Albia A

The Albia Community School Board has joined a growing list of public schools ranging in size from small rural schools to metro Des Moines schools, asking the Iowa High School Athletic Association and Iowa Girls High School Athletic Union to look into school classifications in regards to district and state tournament competition of public verses private schools.

The letter that the Albia board signed on to asks the two governing bodies of sports and fine arts to consider “students deserve a level playing field and fair opportunity to strive for success at a competitive level,” and “recruitment of students and engagement in acdtivities is further hampered by continued lack of success due to an unlevel playing field.”

The letter states that communities with students from lower income families deserve the same opportunities as higher income families and that IGHSAU and IHSAA “must recognized that low poverty levels of students and community impact the ability of school districts to be competitive with other similar sized schools…”

Superintendent Kevin Crall said the petition came to a head after the boys athletic association hired Tom Keating as their president. Keating’s entire career was as a teacher and coach at Dubuque Wahlert and as president of Xavier, both private Catholic schools.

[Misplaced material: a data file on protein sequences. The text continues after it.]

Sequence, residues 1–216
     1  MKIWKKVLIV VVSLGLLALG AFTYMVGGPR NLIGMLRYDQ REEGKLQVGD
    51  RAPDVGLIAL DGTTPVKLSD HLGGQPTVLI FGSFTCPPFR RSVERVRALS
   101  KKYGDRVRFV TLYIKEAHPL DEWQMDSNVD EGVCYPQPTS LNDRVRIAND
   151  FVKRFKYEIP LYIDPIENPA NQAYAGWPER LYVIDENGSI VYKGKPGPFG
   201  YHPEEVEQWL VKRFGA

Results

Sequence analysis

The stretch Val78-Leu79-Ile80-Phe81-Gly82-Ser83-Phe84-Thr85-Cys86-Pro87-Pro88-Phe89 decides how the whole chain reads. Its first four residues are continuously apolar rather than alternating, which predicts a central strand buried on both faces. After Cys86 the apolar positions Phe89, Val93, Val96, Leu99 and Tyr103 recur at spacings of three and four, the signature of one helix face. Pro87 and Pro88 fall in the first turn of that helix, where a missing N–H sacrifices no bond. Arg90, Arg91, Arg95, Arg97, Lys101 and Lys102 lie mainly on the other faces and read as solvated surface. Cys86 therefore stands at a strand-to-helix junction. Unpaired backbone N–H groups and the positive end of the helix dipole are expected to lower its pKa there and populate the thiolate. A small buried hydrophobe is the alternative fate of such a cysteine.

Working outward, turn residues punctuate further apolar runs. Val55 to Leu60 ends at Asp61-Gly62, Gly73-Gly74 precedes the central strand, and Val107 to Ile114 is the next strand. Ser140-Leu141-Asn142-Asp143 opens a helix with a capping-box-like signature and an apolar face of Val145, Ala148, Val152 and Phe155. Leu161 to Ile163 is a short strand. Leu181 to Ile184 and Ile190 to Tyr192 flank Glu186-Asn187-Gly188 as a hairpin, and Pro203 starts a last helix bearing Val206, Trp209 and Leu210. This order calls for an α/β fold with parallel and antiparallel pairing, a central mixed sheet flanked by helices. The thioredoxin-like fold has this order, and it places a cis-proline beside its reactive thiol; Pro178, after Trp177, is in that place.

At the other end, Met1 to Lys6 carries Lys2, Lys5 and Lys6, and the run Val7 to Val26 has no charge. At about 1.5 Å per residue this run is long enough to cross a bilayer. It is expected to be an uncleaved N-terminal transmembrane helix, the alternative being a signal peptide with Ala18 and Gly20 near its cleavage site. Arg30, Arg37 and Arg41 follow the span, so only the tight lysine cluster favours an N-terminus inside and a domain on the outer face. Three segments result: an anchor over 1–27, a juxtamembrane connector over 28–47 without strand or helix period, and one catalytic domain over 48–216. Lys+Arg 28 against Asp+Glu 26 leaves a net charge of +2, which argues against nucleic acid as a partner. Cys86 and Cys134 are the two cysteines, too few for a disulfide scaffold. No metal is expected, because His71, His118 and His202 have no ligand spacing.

Surveys of recent state championships in both boys and girls sports show a serious imbalance toward private (both Catholic and non-Catholic) schools. The letter suggests that private schools do not serve as diverse a population of low income students as public schools.

Virtually every state surrounding Iowa deals with the competitive imbalance between public and private schools, weighting enrollment or otherwise having private schools compete in their own divisions. Iowa has no weighting system, placing competition in sports, music and speech in divisions based solely on enrollment.

Board Vice President Roger George asked Superintendent Crall if the letter would actually have any impact or if it was the beginning of discussion. “I think the answer to that is both,” said Crall. “There are public school superintendents really serious about getting something done immediately, but it will be a process.”

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